Commodore Datasette Does Its Own Calibration

Ah, the beloved Commodore 64. The “best-selling computer system of all time”. And hobbyists are keeping the dream alive, still producing software for it today. Which leads us to a problem with using such old equipment. When you get your copy of Petscii Robots on cassette, and try to fastload it, your machine might just consistently fail to load the program. That’s fine, time to pull out the cue-tips and rubbing alcohol, and give the read heads a good cleaning. But what if that doesn’t do the job? You may just have another problem, like tape speed drift.

There are several different ways to measure the current tape speed, to dial it in properly. The best is probably a reference cassette with a known tone. Just connect your frequency counter or digital oscilloscope, and dial in the adjustment pot until your Datasette is producing the expected tone. Oh, you don’t have a frequency counter? Well good news, [Jan Derogee] has a solution for you. See, you already have your Datasette connected to a perfectly serviceable frequency counter — your Commodore computer. He’s put out a free program that counts the pulses coming from the Datasette in a second. So play a reference cassette, run the program, and dial in your Datasette deck. Simple! Stick around after the break for a very tongue-in-cheek demonstration of the problem and solution.

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A man playing an accordion-like instrument made from two Commodore 64s

The Commodordion Turns Two C64s Into A Single Instrument

One of the main reasons the Commodore 64 became an icon of the 1980s was its MOS 6581 “SID” sound chip that gave it audio capabilities well beyond those of other microcomputers of the 8-bit era. The SID became something of a legend by itself among chiptune enthusiasts, and several electronic instruments have been designed that generate their sound through a SID chip. Not many of those look anything like traditional musical instruments however, so we’re delighted to see [Linus Åkesson]’s new project: two Commodore 64s joined back-to-back using a bellows to form a wonderful new instrument called the Commodordion. It can be played in a similar way one plays a traditional accordion: melodies are played with the right hand, chords with the left, and volume is adjusted by varying the pressure in the bellows.

An accordion-like instrument made from two Commodore 64sThe two computers are basically unmodified, and boot Commodore BASIC like they normally would. A custom circuit board emulates a cassette player and provides the software to be loaded into memory. Both computers run the same program and can be switched between the right-hand and left-hand role by pressing a specific key combination. The software in question is called Qwertuoso, and basically maps notes and various features of the SID chip to keys on the Commodore’s keyboard.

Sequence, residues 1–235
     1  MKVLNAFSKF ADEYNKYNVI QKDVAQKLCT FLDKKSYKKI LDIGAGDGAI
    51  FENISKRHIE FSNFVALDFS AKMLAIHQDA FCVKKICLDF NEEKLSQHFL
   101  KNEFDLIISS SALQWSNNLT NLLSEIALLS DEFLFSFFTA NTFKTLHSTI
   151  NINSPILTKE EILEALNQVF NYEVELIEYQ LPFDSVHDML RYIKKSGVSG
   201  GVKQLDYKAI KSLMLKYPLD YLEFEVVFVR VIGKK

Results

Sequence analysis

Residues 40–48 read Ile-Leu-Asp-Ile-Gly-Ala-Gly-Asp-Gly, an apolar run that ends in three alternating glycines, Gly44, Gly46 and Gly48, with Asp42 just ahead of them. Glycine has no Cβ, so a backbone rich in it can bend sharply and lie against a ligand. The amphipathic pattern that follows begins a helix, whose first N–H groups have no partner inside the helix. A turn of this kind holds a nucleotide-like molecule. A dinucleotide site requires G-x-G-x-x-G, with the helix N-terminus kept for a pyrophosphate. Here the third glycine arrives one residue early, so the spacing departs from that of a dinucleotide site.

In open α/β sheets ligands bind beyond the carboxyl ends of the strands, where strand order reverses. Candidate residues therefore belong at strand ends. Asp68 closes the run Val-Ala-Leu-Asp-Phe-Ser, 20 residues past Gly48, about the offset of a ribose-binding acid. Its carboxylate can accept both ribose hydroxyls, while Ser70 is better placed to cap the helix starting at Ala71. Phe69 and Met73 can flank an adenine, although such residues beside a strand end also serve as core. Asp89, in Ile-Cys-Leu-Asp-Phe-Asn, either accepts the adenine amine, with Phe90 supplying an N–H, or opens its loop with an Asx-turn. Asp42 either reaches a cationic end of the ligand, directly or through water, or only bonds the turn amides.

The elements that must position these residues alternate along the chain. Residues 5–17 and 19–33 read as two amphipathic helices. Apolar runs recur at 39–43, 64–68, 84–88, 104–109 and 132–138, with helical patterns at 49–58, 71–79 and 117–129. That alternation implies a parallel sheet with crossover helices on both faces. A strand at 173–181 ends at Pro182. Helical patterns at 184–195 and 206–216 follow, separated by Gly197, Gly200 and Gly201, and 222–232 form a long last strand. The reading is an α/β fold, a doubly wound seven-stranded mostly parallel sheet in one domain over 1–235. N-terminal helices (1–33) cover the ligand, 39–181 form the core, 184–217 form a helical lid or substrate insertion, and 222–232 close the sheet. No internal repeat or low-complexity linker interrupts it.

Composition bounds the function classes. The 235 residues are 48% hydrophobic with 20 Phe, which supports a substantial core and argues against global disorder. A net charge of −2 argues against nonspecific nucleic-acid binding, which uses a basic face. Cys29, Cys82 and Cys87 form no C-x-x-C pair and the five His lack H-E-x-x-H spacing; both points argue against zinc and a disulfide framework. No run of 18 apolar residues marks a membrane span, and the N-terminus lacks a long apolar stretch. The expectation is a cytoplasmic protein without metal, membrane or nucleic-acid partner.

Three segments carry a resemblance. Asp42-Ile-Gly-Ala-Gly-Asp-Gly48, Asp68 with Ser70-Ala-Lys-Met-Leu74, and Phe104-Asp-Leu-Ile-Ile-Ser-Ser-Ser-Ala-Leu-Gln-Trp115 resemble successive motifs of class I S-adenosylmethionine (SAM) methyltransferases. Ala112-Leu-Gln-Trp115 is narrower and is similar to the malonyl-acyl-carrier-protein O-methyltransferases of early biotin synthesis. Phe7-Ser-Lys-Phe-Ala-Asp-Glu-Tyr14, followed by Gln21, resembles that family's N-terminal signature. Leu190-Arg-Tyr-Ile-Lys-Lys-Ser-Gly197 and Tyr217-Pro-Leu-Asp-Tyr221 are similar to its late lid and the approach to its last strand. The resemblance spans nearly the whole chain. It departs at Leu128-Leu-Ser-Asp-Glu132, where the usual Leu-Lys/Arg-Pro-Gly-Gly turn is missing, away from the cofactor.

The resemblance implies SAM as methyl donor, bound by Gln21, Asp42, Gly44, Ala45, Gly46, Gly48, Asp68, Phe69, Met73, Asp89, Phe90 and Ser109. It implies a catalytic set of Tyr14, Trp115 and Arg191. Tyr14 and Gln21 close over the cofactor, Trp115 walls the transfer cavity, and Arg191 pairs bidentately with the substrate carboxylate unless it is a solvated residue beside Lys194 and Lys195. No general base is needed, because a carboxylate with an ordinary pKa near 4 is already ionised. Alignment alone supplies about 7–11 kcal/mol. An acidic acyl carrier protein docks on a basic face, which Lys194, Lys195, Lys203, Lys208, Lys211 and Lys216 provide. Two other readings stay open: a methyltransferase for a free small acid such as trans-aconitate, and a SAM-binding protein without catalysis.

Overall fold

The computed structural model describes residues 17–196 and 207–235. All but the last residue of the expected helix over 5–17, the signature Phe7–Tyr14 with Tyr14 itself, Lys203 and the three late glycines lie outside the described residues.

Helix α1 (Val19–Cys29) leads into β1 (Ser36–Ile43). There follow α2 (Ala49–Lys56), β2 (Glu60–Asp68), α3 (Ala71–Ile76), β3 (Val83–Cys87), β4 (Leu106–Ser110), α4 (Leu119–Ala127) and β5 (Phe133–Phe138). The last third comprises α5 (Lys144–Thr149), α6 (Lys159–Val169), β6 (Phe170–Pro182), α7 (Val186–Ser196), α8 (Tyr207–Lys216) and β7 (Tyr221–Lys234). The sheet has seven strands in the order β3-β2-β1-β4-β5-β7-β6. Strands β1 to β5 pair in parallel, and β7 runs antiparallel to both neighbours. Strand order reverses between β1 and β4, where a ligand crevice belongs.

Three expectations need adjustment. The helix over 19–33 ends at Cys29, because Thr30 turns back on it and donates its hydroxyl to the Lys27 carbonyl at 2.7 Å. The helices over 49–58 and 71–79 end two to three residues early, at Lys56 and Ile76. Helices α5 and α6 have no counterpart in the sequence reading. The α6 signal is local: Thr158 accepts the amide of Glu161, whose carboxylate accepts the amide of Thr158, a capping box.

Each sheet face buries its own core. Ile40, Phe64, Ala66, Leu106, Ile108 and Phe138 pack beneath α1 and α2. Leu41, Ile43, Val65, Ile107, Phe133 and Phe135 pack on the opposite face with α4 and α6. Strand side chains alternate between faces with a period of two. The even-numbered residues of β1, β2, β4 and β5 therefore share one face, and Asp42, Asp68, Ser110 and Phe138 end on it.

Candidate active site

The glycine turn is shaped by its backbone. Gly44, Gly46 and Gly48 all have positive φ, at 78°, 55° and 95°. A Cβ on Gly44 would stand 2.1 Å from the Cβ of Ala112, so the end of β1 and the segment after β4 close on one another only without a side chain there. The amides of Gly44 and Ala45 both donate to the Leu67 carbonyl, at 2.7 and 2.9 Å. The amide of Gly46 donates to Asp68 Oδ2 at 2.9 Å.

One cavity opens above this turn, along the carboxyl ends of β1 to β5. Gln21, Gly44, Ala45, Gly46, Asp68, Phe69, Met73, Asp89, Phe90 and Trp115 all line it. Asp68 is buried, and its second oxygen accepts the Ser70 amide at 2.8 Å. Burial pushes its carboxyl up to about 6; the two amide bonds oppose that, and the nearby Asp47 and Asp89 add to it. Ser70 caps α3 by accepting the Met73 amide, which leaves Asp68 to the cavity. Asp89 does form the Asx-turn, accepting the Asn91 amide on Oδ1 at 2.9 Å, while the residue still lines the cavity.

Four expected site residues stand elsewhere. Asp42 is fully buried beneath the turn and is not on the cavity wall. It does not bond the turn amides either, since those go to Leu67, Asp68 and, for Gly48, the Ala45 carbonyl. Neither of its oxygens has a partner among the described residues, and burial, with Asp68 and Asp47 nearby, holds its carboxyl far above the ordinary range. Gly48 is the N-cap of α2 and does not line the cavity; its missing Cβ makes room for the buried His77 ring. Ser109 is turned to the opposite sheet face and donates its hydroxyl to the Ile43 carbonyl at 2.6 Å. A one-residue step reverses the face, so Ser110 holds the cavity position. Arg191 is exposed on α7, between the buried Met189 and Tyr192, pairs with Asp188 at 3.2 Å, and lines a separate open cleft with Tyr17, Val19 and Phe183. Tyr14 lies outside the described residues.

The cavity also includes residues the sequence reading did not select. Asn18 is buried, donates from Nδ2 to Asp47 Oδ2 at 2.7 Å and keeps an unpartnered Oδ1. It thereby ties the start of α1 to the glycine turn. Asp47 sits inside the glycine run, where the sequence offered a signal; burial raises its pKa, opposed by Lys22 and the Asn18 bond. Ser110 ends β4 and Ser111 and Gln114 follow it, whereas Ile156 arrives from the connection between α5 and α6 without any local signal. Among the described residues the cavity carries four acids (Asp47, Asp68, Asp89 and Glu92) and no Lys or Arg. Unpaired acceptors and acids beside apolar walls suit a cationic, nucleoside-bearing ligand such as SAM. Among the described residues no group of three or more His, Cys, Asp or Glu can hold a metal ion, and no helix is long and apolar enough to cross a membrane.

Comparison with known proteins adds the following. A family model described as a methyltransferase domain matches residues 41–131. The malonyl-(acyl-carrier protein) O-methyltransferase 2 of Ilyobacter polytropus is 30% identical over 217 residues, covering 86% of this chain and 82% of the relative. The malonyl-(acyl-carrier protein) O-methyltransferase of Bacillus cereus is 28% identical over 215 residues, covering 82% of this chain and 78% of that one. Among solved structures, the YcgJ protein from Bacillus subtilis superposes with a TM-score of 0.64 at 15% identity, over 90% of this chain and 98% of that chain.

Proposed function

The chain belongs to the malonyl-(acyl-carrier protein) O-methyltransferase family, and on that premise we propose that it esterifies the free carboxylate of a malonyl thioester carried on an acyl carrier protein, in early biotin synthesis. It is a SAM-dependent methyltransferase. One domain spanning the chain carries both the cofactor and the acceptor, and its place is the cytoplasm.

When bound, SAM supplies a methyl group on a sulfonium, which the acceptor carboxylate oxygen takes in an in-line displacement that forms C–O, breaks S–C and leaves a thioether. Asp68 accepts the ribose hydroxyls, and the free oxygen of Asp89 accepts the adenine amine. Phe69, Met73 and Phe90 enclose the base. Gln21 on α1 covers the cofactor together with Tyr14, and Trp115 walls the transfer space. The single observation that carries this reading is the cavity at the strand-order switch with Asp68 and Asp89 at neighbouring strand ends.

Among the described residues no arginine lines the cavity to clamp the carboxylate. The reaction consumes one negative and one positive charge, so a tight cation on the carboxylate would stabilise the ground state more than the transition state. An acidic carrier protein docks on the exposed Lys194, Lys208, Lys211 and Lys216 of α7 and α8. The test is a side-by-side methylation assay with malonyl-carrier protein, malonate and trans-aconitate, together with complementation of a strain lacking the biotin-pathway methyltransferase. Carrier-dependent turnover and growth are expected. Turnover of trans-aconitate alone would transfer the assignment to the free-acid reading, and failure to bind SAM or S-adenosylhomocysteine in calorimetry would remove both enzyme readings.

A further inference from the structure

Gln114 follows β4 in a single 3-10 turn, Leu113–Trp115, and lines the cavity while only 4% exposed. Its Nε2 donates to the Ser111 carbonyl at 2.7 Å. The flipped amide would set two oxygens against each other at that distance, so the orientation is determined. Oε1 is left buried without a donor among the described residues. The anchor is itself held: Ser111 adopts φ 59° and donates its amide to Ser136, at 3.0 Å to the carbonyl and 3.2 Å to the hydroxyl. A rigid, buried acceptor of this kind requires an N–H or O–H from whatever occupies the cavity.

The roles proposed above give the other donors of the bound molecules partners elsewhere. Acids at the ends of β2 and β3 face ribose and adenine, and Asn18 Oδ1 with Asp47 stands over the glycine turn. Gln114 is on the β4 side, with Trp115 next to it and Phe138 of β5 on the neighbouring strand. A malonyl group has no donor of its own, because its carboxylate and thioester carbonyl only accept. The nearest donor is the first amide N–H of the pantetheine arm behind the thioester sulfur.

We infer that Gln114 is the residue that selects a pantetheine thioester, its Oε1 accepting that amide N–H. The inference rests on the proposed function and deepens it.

Of course, it’s the bellows that makes this instrument a true member of the accordion family. Made from 5.25″ floppy disks and sticky tape, it forms a more-or-less air-tight system linking the two computers. The airflow in the bellows is measured through a microphone placed next to the air intake: the amount of noise generated is roughly proportional to the amount of air being expelled or inhaled. This information is then used to modulate the volume generated by the two SID chips.

By [Linus]’s own admission it’s not the most ergonomic of instruments, so we’re doubly impressed by the amount of skill he demonstrates while playing it in the video embedded below. It’s not the first time either that he has turned a Commodore 64 into a musical instrument: he previously built a church organ and a theremin. While the Commodordion may look complicated, it’s actually much simpler in construction than a mechanical accordion.

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A schematic explaining the workings of the Commodore 64's joystick port

Bluetooth Interface Adds Rumble Feedback To Commodore 64 Games

Nothing says “1980s gaming” like a black joystick with a single red fire button. But if you prefer better ergonomics, you can connect modern gamepads to your retrocomputers thanks to a variety of modern-to-classic interface adapters. These typically support just the directional pad and one or two action buttons, leaving out modern features like motion control and haptic feedback.

That’s a bit of a shame, because we think it would be pretty cool to feel that shock in our hands whenever Pitfall Harry drowns in quicksand or Frogger gets hit by traffic. We’re therefore happy to report that [Ricardo Quesada] has decided to add rumble functionality to the Bluetooth-to-Joystick-port interface that he’s been working on. He demonstrates the feature on his Commodore 64 in the video embedded after the break.

Naturally, any software needs to be adapted to support haptic feedback, but a trickier problem turned out to be the hardware: joystick ports are input-only devices and therefore cannot send “enable rumble” signals to any connected gamepads. [Ricardo] found a clever way around this, using the analog inputs on the joystick port that were typically used for paddle-type controllers.

The analog-to-digital converter inside the computer works by applying a pulse signal to the analog port and measuring the time it takes to discharge a capacitor. The modern gamepad interface simply detects whether these pulses are present; they can be enabled or disabled through software by toggling the analog readout on the joystick port. This way, the joystick port can be used to send a single bit of information to any device connected to it.

[Ricardo] developed patches for Rambo: First Blood part II and Leman to enable rumble functionality. He describes the process in detail in his blog post, which should enable anyone who knows their way around 6502 machine code to add rumble support to their favorite games.